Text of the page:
WELCOME FROM THE EDITOR
In this month’s issue, we have plenty of lovely products that will start you thinking about which new items added to your shooting kit could make you a more successful shot. This applies to us all, whether we’re hunters, competitors or back-garden plinkers. I’m as bad as anybody when it comes to lusting after sexy new products, but I learned a long time ago that 95% of a successful shot is preparation and training. With this is mind, I’ve written the second in my series in understanding what is known as ‘external ballistics‘ – in other words, what happens to our pellets in flight.
Even if we hold the perfect sight picture and release the trigger correctly, if we don’t understand the gravity and wind effect on the pellet’s flight, the chances are we’ll miss. Last month, I covered trajectory and in this issue, I’ve begun to write about windage, which is a tricky subject that needs respect. Practice is your friend when it comes to windage, and although it sounds like a daft idea, doing that on the windiest days can teach you a lot; days when you’d never consider hunting can be used well, to learn about mother nature’s cruel tricks in deflecting your pellet away from where you intended it to land.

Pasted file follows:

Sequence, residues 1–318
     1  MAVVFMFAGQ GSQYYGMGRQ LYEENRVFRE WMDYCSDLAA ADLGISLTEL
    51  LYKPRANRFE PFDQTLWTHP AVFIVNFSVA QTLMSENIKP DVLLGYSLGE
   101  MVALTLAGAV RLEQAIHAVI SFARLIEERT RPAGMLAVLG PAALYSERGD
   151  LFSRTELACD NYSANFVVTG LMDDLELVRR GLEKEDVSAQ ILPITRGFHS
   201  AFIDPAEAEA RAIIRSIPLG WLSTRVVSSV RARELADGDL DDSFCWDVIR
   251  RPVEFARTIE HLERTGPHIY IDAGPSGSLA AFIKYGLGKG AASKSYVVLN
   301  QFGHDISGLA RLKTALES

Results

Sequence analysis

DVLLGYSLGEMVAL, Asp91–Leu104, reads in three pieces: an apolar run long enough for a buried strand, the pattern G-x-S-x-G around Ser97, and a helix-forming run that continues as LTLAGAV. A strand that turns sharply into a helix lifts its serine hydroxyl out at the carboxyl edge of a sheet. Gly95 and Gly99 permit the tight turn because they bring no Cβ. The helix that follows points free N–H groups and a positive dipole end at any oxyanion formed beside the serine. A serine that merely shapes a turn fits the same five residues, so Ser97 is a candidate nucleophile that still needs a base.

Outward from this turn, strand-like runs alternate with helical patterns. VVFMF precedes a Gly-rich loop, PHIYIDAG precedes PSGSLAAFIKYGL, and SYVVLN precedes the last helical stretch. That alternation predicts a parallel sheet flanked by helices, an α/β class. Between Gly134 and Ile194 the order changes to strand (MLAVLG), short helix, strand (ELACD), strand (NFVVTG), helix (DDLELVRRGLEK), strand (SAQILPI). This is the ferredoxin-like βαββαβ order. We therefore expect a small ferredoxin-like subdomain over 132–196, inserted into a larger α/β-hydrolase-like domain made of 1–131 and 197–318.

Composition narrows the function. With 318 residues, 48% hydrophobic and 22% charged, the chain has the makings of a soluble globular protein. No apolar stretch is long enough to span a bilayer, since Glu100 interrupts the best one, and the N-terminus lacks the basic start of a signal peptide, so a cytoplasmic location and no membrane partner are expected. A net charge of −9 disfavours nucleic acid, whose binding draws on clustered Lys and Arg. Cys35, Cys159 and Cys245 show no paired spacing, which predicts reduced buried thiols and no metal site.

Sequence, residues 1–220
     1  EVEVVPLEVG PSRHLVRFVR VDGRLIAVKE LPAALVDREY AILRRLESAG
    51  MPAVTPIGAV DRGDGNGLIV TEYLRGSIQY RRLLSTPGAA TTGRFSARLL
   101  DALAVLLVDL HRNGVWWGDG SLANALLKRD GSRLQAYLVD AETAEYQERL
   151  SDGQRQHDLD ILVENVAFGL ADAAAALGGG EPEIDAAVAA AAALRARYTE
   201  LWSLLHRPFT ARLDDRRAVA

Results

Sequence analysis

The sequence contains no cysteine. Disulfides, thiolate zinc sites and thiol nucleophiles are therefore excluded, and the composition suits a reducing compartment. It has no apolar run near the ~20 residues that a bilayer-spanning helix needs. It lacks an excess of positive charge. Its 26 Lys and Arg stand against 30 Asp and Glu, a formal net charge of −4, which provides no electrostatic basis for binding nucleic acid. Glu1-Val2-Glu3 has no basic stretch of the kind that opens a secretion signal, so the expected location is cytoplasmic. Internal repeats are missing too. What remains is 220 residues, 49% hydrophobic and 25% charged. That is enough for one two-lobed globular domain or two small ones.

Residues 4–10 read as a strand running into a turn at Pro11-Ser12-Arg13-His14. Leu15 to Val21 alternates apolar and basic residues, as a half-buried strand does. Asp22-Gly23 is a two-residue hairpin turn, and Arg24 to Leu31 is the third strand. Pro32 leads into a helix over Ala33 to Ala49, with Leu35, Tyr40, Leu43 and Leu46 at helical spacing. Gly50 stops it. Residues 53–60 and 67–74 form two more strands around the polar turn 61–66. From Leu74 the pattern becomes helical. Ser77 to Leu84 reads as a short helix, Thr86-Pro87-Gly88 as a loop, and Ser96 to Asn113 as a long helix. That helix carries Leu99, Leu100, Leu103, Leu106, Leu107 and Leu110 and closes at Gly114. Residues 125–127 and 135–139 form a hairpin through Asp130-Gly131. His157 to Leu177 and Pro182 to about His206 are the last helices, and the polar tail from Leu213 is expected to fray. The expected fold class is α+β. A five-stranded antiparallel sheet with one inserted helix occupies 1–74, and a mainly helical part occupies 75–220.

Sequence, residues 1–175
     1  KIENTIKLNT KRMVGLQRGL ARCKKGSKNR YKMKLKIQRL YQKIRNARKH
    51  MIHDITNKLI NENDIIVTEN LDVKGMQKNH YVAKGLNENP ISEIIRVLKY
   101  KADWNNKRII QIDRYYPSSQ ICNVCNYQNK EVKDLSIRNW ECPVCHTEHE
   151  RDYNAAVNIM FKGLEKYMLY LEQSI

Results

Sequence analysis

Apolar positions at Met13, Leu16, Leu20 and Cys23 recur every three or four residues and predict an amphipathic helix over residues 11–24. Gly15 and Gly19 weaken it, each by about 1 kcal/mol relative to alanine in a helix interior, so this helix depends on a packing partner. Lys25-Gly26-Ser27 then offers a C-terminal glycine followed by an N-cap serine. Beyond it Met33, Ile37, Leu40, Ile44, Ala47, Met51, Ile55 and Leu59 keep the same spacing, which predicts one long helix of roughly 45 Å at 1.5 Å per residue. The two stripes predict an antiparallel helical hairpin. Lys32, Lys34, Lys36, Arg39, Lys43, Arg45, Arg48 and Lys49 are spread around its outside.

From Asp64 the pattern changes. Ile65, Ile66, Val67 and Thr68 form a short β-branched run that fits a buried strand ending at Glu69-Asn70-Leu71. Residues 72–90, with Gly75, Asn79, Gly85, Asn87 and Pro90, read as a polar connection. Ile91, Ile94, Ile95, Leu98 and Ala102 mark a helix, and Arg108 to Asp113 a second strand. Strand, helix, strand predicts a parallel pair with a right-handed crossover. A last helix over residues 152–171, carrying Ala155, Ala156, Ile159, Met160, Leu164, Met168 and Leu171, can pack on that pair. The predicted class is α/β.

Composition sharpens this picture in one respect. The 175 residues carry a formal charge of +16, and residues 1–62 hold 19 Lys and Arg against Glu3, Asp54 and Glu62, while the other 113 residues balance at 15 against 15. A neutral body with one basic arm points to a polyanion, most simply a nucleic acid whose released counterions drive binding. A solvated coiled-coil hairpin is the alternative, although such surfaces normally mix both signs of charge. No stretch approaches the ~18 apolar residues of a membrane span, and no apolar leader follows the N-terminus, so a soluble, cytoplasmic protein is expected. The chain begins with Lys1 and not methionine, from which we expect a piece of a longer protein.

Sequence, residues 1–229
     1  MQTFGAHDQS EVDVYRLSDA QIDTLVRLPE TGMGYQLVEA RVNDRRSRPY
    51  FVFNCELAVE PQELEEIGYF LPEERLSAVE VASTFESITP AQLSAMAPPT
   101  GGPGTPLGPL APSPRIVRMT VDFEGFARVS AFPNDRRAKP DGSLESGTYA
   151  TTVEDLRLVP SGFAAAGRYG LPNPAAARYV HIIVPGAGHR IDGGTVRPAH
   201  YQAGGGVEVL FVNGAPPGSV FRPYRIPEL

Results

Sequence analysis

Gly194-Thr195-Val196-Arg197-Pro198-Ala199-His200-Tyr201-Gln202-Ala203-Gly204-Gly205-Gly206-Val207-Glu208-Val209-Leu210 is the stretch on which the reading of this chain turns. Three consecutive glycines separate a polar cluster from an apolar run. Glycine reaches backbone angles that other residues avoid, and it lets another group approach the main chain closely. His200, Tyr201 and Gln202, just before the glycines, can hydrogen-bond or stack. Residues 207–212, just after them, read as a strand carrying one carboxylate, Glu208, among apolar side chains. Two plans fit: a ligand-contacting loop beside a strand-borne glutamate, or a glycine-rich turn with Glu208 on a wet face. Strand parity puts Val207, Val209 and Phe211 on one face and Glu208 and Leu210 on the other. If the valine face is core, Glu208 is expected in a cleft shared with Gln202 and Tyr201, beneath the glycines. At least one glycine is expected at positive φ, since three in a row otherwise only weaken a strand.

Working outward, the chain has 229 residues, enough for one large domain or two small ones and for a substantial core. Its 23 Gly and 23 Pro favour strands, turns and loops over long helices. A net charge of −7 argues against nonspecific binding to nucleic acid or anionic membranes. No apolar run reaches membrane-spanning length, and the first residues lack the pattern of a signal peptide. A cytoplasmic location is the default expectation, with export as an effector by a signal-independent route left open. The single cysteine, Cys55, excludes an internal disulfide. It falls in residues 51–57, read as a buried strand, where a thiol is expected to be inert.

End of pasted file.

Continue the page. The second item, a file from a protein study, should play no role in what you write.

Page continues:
Beyond this, time spent with your rifle in hand builds strength in the right areas, and muscle memory, that helps to make shots more instinctive, so that you’ll cope better under stress. Even a few shots every day in your back garden will be of huge benefit to your accuracy, and it’s one area in which we have an advantage over all other shooting sports. Think of it like brushing your teeth – although you don’t see the benefit immediately, in the long term it will reward you for your hard work.
Regular practise is key to shooting in the wind